Pocahontas' First Marriage: The Powhatan Side of the Story

As Virginia institutions celebrate the 400th anniversary of the Pocahontas-Rolfe marriage this year, a crucial event in the Commonwealth's venerable self-image, we should recognize that existing Native traditions put it in a very different perspective.
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By Phoebe Farris

As Virginia institutions celebrate the 400th anniversary of the Pocahontas-Rolfe marriage this year, a crucial event in the Commonwealth's venerable self-image, we should recognize that existing Native traditions put it in a very different perspective. In 1614, Pocahontas, daughter of the chief of the Powhatan Indians, was baptized in Christianity and married planter John Rolfe, giving birth to her son Thomas.

But other Native voices, recording tribal oral tradition, remind us that Pocahontas's first marriage was to an Indian warrior named Kocoum and that this first marriage produced her first son, whose ancestors survive today.

These traditions are preserved in the 2007 book, The True Story of Pocahontas, The Other Side of History (Fulcrum Publishers, Golden, Col.), co-authored by Dr. Linwood Custalow and Angela L. Daniel. Dr. Linwood "Little Bear" Custalow grew up on the Mattaponi Reservation in Virginia where early in life he was given the responsibility of learning the oral history of the Mattaponi tribe and the Powhatan nation. Angela L. Daniel "Silver Star" is the President of the Foundation for American Heritage Voices and the designated anthropologist for the Mattaponi tribe.

Henry Brueckner, The Marriage of Pocahontas, 1855, oil on canvas, 50" x 70". Bruecknerm whose dates are unknown, is remarkably obscure for a 19th century artist whose main work, above, was vigorously marketed. A pamphlet to sell this print depicts the marriage in romantic, flowery terms. The presiding minister is described as Alexander Whitaker, and behind him to the left sits the acting governor Sir Thomas Dale. The original was owned by former New York State Governor Nelson Rockfeller and donated by him to the state. Courtesy of the New York State Office of General Services, New York State Executive Mansion, Albany, N.Y.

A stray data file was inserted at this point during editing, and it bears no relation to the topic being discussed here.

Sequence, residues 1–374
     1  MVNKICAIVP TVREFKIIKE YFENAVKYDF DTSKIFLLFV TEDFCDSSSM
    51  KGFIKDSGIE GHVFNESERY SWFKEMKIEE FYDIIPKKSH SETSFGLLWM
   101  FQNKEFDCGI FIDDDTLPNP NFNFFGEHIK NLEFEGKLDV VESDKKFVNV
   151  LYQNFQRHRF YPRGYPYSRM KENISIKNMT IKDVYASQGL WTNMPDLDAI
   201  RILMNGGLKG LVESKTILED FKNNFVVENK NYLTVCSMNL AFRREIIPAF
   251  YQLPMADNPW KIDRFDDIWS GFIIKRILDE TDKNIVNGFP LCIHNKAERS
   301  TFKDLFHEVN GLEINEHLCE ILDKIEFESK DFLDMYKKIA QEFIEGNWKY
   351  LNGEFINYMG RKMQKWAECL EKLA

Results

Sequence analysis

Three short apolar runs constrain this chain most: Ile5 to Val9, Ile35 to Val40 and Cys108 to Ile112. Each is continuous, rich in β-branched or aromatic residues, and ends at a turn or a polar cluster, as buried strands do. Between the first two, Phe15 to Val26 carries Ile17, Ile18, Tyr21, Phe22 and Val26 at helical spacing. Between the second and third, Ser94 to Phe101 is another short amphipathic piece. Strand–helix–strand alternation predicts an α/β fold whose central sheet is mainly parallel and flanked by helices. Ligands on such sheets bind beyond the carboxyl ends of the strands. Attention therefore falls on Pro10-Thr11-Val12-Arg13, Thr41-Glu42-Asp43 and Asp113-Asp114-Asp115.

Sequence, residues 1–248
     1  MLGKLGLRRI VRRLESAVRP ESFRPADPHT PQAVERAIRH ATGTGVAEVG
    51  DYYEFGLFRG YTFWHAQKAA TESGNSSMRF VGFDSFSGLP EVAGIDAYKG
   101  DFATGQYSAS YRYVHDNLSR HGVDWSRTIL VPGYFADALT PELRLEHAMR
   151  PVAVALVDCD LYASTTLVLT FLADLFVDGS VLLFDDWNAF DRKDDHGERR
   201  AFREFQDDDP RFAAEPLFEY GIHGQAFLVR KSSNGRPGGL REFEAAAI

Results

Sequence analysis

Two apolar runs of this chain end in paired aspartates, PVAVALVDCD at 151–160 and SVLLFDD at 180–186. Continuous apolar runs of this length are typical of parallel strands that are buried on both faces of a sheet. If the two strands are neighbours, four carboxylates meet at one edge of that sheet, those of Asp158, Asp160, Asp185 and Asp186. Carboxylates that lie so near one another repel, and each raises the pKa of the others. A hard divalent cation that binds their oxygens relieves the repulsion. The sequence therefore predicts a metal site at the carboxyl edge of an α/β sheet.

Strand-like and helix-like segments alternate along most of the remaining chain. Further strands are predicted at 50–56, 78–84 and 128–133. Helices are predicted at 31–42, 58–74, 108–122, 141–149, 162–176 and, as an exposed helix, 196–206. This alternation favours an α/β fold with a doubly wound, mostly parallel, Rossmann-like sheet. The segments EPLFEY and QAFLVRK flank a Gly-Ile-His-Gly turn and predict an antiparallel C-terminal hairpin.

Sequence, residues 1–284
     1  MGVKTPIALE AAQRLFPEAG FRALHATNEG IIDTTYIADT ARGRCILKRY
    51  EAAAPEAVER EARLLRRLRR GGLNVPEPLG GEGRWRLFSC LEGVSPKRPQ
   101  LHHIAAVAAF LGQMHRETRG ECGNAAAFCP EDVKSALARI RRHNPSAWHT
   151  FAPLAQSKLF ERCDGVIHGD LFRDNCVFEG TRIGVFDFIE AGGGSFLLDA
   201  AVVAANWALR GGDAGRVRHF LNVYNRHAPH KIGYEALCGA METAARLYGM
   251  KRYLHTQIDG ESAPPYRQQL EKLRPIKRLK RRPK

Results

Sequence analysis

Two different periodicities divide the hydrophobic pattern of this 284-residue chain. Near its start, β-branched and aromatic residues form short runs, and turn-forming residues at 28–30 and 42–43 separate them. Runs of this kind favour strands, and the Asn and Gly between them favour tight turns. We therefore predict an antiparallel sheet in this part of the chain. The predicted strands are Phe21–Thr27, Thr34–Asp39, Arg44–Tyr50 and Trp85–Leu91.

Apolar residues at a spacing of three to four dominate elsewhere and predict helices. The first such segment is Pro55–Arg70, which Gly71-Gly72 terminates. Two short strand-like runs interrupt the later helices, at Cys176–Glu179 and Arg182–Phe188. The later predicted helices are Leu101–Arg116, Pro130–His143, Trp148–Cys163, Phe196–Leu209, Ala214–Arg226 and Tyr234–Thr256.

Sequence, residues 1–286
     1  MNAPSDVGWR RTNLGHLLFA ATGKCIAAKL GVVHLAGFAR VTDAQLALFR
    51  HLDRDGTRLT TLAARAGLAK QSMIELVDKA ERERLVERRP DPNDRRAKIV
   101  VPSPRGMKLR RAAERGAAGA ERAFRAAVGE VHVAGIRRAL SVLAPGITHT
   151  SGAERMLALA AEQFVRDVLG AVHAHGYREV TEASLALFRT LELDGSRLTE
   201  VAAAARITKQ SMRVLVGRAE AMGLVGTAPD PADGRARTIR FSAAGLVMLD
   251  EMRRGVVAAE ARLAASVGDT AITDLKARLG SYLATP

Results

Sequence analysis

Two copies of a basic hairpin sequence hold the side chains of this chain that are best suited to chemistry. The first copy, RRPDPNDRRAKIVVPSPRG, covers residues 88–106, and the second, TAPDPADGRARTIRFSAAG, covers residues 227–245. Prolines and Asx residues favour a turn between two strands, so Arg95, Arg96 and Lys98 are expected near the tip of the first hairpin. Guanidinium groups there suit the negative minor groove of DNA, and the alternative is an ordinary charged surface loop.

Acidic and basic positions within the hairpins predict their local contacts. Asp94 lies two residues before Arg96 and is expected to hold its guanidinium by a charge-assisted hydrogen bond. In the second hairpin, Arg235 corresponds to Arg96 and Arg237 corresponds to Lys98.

Their book provides oral and written historical documentation that Pocahontas, at the age of 15 or 16, was already a wife and mother when she was kidnapped, converted to Christianity and married to John Rolfe.

Contemporary evidence of a first marriage also comes from a history by William Strachey (1575-1621), who was secretary of the colony during a brief stay. In his History of Travaile into Virginia Britannia, he listed among the favorites of Powhatan, "younge Pocohunta, a daughter of his, using sometyme to our fort in tymes past, nowe married to a private Captaine, called Kocoum, some two years since."

Prior to her celebrated marriage with Rolfe, Pocahontas and her husband Kocoum, the younger brother of Chief Japazaw of the Potowomac (Potomac) tribe, lived in the Werowocomoco Village. They later moved to Kocoum's home village, the Potowomac, along the Potomac river. Pocahontas gave birth to her first son there.

Johann Theodore de Bry, after Georg Keller, The Abduction of Pocahontas. In de Bry's American Part 10 (1618) (translation of Hamor's A True Discourse of the Present State of Virginia. [1615]). Keller invented the scenes, drawing on the written narrative. In foreground left, Iopassus and his wife trick Pocahontas (center) into visiting Captain Samuel Argall's ship, center right. The Indian village in the background was burned in 1614 during negotiations for Pocahontas' return. Image Courtesy of Virginia Historical Society